Physiological and biological characterization of smokers with and without COPD.
Published in F1000Research Version 2
Chronic obstructive pulmonary disease (COPD) is a common inflammatory airway disease predominantly associated with cigarette smoking, and its incidence is increasing worldwide. According to the Global Initiative for Obstructive Lung Disease (GOLD) guidelines, spirometry is used to diagnose the disease. However, owing to its complexity, spirometry alone may not account for the multitude of COPD phenotypes or the early, asymptomatic lung damage seen in younger smokers. In addition, suitable biomarkers enabling early diagnosis, guiding treatment and estimating prognosis are still scarce, although large scale ‘omics analyses have added to the spectrum of potential biomarkers that could be used for these purposes.
The aim of the current study was to comprehensively profile patients with mild-to-moderate COPD and compare the profiles to i) a group of currently smoking asymptomatic subjects, ii) a group of healthy former smokers, and iii) a group of healthy subjects that had never smoked. The assessment was conducted at the molecular level using proteomics, transcriptomics, and lipidomics and complemented by a series of measurements of traditional and emerging indicators of lung health (ClinicalTrials.gov identifier: NCT01780298). In this data note, we provide a comprehensive description of the study population’s physiological characteristics including full lung function, lung appearance on chest computed tomography, impulse oscillometry, and exercise tolerance and quality of life (QoL) measures.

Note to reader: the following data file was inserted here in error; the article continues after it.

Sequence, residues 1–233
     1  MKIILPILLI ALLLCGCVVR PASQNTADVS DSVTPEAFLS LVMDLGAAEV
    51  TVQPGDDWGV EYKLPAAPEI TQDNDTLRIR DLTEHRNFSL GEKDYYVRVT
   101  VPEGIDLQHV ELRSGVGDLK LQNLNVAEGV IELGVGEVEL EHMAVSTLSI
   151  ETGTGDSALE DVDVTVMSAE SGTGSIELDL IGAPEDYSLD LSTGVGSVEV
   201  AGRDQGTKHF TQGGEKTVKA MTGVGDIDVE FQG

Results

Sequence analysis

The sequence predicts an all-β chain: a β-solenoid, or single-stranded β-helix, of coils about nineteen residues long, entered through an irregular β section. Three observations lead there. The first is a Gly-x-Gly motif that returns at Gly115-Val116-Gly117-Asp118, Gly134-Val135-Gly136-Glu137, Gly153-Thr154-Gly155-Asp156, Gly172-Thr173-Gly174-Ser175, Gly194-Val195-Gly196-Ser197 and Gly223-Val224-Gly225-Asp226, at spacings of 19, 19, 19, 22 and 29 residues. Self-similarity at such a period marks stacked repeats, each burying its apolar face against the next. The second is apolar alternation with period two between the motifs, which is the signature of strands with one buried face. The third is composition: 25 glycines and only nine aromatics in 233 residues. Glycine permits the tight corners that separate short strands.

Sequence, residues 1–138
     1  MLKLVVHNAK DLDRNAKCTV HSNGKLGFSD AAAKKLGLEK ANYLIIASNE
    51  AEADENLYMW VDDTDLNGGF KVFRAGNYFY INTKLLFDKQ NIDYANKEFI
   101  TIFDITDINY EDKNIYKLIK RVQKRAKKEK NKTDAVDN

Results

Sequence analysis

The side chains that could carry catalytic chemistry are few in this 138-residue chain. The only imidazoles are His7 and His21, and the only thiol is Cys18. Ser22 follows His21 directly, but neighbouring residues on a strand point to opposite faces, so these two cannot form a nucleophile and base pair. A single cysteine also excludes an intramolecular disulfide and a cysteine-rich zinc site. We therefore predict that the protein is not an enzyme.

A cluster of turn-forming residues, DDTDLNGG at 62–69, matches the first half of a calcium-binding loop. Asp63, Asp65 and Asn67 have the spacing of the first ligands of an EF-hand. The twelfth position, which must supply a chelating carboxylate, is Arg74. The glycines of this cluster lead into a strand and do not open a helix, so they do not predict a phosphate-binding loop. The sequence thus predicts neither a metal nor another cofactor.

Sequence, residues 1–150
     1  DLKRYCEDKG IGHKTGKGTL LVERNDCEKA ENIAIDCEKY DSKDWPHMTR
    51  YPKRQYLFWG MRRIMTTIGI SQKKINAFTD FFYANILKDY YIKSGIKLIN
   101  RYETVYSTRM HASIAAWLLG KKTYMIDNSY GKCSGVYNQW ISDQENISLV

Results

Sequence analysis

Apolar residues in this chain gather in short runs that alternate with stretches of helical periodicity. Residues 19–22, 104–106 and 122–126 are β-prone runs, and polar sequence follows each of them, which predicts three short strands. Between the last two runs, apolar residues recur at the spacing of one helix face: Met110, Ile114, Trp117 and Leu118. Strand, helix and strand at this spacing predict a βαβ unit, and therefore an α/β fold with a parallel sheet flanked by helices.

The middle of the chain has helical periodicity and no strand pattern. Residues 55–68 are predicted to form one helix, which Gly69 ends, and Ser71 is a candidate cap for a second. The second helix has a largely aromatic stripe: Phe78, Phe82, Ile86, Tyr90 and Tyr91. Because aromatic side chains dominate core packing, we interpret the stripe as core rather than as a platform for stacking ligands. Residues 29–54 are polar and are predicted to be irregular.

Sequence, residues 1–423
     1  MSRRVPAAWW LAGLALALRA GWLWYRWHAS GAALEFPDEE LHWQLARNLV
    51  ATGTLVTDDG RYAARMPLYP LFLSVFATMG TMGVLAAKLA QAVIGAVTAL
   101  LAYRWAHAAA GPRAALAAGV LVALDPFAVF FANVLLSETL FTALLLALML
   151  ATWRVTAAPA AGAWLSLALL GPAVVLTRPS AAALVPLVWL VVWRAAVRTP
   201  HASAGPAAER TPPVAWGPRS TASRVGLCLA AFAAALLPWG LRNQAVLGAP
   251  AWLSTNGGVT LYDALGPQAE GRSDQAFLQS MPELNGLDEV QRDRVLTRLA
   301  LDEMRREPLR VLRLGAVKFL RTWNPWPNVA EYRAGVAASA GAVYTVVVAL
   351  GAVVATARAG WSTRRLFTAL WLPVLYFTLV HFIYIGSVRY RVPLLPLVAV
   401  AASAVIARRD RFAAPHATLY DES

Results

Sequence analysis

Published OnMarch 7, 2018